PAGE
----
Doc attends Mets' youth event in Queens

July 2nd, 2021

Major League Baseball and the New York Mets partnered with the Greater Allen Cathedral of New York to host a Play Ball event in Jamaica, N.Y., on June 26. At St. Albans Park, just down the block from the church, local youths participated in baseball and softball activities, including a home run derby, running the bases and other fun-focused drills. The event was free for all, and young participants were given T-shirts, wristbands and bat-and-ball sets.

Of the estimated 100-plus people in attendance, about half were kids, and for many of them, their parents said it was their first time playing baseball or softball.

“The crux of the Play Ball initiative is getting new kids exposed to baseball and softball,” said Bennett Shields, MLB’s senior manager of baseball and softball development.

“Knowing that for so many kids at this one, it was their first time playing, it was all smiles. A couple of kids were able to step into it at the home run derby station, hit a few out, so it was exciting to see that.”

Through the Play Ball initiative, MLB partners with local groups -- including current and former MLB players, Black churches and other community organizations -- to encourage youth participation in bat-and-ball sports. Since 2014, the year before Play Ball was launched, casual participation in baseball has increased by over 88%.

Special guests highlighted the event: mascots Mr. and Mrs. Met helped throw batting practice, and Mets legend Dwight “Doc” Gooden dispensed baseball wisdom to the youth participants and their parents. Employees from MLB and the Mets’ business resource groups also came to help out with baseball activities.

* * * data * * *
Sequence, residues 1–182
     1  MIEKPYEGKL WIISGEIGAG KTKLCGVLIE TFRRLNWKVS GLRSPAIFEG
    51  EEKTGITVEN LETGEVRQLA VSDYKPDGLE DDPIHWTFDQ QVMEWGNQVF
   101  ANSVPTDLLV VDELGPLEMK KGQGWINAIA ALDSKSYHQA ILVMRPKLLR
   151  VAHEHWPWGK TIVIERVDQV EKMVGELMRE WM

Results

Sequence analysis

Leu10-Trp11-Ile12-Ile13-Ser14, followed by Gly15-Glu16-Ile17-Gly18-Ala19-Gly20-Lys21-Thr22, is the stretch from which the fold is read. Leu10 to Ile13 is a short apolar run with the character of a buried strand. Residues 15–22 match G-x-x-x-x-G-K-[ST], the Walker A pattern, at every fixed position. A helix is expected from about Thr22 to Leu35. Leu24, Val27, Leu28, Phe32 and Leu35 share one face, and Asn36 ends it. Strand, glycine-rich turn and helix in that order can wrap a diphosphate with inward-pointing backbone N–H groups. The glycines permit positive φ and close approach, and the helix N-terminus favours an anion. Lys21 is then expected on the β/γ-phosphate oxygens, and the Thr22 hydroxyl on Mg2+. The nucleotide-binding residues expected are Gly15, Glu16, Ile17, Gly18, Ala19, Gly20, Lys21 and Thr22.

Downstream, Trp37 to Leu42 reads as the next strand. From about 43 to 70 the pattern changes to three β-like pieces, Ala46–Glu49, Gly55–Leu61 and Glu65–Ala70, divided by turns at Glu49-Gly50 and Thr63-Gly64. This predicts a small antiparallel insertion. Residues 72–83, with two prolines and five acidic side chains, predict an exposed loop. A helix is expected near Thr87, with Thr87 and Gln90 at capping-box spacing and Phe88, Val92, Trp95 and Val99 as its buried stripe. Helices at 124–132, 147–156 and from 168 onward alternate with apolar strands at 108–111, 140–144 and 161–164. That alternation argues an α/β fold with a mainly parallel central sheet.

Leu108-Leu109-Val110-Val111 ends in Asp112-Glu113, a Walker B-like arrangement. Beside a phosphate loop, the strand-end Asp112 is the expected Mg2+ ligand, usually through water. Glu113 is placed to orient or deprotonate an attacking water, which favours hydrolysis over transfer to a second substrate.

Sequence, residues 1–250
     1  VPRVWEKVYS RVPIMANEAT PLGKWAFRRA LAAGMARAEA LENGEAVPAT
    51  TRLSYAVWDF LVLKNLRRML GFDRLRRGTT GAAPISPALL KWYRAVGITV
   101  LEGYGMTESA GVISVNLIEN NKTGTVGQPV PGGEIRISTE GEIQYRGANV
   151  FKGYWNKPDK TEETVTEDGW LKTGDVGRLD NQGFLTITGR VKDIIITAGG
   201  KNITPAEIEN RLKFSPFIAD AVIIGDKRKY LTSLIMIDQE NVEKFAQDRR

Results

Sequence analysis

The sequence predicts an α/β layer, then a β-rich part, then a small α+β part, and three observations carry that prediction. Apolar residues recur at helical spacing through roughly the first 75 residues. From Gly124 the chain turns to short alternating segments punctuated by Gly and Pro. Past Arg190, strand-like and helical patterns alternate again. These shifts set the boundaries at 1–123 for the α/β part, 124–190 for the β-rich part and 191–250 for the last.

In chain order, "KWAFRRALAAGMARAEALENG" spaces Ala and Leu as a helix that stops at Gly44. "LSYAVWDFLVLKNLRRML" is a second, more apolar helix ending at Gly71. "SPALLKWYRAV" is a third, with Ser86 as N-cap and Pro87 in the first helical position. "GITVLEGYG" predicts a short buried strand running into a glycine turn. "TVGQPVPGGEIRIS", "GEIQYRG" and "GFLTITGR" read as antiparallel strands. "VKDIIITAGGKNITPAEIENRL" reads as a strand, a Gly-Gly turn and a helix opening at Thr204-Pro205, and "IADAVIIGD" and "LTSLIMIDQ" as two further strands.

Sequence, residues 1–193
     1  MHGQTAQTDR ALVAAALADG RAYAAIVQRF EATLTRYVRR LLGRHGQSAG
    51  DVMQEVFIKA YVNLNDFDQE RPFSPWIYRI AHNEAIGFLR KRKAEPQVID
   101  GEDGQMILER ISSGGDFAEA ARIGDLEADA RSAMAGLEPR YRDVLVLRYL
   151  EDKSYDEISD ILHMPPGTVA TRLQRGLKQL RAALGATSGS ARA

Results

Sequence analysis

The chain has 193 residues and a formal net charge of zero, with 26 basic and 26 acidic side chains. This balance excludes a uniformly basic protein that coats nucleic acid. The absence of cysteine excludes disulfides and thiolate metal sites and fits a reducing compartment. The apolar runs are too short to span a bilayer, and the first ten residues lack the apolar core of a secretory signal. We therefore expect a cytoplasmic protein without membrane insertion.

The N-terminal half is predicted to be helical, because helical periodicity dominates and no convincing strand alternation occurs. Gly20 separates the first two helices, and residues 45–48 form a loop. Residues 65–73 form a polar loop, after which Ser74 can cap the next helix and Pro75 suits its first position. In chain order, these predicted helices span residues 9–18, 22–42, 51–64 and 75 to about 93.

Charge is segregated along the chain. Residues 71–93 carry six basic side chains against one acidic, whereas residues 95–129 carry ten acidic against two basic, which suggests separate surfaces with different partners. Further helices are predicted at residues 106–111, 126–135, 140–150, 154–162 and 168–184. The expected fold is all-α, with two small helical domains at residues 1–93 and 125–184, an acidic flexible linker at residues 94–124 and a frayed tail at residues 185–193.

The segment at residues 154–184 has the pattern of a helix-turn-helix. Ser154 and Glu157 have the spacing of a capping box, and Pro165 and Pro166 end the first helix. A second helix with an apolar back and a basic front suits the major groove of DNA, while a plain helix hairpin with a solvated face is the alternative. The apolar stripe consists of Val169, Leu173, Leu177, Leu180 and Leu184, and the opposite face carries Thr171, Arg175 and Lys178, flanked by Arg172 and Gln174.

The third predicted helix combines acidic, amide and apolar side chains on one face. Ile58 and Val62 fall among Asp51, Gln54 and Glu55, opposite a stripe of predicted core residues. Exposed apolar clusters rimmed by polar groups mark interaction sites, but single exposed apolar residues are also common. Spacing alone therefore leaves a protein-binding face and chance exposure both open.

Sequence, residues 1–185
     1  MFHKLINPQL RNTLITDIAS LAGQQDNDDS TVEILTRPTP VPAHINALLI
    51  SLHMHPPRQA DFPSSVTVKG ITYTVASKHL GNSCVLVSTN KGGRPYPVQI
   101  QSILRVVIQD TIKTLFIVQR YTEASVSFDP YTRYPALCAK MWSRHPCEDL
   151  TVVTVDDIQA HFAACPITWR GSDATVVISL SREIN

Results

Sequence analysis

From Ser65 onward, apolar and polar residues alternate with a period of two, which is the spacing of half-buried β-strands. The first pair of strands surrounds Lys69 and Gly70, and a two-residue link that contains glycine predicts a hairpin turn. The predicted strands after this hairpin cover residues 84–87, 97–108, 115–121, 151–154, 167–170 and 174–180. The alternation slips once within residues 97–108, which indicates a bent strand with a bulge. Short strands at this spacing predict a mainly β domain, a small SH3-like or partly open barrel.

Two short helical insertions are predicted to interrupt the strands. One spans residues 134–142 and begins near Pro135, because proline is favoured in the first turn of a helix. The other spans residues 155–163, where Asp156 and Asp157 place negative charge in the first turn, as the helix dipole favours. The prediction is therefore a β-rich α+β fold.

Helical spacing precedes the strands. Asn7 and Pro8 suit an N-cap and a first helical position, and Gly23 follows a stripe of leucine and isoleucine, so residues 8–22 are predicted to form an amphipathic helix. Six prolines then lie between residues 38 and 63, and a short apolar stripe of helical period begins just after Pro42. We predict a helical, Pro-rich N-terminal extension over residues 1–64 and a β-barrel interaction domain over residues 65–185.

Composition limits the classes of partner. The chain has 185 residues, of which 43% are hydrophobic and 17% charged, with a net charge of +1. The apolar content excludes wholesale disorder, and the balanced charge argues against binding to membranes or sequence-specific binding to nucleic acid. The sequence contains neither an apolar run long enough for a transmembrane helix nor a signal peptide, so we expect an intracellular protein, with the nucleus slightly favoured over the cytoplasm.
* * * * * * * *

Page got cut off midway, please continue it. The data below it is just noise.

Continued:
“It was just fantastic to have the participation of the Mets, to have the participation of Dwight Gooden and to have participation specifically from the MLB Black Professionals BRG and the New York Mets Black Professionals BRG,” Shields said.

MLB began outreach to Black churches last year, when chief baseball development officer Tony Reagins challenged his department to focus on bringing the game to Black communities. Shields said Reagins, who grew up as part of a predominantly Black congregation, suggested churches as a good place to start.

“Introducing and reinvigorating baseball and softball in the Black community is really an important goal in our department,” Shields said, “and something that we’re very intentional about.”

In the past year, MLB has partnered with over a dozen predominantly Black churches to host Play Ball events, most of them drive-through bat-and-ball set giveaways due to the constraints of the COVID-19 pandemic. MLB first partnered with the Greater Allen Cathedral last year and hopes to work with the church again to host future events.

“It was, for me, really heartening to see that continuation,” Shields said. “It was great to see the folks from Allen Cathedral again, they’re wonderful partners on it.

“This was hopefully the continuation of some really important relationships we’ve made with the faith community, specifically the Black faith community, and hopefully it will continue from here.”